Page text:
WEST VANCOUVER, British Columbia –Of all the events being contested at the 2010 Winter Olympics, one you won’t see is women’s ski jumping.

The women have asked and asked and had the door slammed in their faces for years. The basic reason for rejection is this: the sport isn’t competitive enough yet to be considered worthy of the Olympics.

And women’s hockey — as much as I enjoy it — is?

Two recent scores from the Vancouver Games: Canada 18, Slovakia ; United States 12, China 1. Basically, women’s hockey has four good teams — Canada, United States, Sweden and Finland. And when all is said and done, the gold medal at the Olympics and world championships comes down to Canada and the Americans. So much for spreading the sport to the world after three Olympics.

Women jumpers have petitioned to become part of every Winter Olympics since Nagano in 1998, but have been rejected by the International Olympic Committee — the same group that claims to foster gender equity. In the past couple years Canadian women have forced the issue, taking their complaint as far as they could legally without getting a positive decision.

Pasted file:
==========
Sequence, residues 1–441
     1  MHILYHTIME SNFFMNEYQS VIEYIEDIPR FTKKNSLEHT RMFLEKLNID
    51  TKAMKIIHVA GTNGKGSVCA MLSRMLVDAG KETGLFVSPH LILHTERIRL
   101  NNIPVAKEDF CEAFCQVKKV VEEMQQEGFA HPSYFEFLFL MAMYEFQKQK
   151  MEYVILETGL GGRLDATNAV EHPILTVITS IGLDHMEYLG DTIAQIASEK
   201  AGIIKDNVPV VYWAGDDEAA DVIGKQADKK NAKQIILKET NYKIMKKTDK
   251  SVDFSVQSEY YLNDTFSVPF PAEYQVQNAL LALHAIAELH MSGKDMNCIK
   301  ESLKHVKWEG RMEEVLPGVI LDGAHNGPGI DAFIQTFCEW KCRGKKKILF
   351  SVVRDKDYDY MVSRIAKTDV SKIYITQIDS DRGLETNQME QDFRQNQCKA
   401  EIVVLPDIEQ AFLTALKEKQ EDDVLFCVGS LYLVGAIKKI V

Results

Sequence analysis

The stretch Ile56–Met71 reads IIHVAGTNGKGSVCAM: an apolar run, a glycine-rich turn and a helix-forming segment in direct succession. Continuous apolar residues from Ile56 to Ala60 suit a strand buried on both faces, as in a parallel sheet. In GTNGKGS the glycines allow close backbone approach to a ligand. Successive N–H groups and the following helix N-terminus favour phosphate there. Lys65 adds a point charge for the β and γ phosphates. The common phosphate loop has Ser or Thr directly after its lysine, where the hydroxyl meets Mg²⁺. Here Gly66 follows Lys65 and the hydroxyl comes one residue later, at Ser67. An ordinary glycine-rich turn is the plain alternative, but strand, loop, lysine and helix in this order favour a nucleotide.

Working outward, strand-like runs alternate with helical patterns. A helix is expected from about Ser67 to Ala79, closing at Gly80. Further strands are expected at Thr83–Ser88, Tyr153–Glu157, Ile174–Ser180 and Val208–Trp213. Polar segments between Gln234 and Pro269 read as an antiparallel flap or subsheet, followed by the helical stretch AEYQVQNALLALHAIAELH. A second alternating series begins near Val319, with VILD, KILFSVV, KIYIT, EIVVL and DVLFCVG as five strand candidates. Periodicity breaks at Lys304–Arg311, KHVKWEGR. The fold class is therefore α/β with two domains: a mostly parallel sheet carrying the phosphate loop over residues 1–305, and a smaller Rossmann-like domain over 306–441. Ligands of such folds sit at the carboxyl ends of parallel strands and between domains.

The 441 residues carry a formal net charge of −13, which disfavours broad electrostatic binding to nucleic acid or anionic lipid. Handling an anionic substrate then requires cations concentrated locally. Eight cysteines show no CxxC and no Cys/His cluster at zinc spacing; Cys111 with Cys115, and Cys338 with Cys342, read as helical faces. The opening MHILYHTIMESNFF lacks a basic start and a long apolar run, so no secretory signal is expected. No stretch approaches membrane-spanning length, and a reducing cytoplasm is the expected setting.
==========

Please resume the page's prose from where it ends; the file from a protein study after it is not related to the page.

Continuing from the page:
Ski jumping and the Nordic combined, which is a mix of cross-country skiing and ski jumping, are the only Olympic winter sports that are male only. The IOC reasons the sport is too young, lacking a history of world championships and athletes participating from many countries.

This bothers the male Olympians, too.

“It’s kind of a bull issue they can’t jump where they are accepted in almost all other sports,” said Alpine skier Andrew Weibrecht of Lake Placid. “Lindsey Van and I went to high school and I feel bad for her not to get the opportunities.”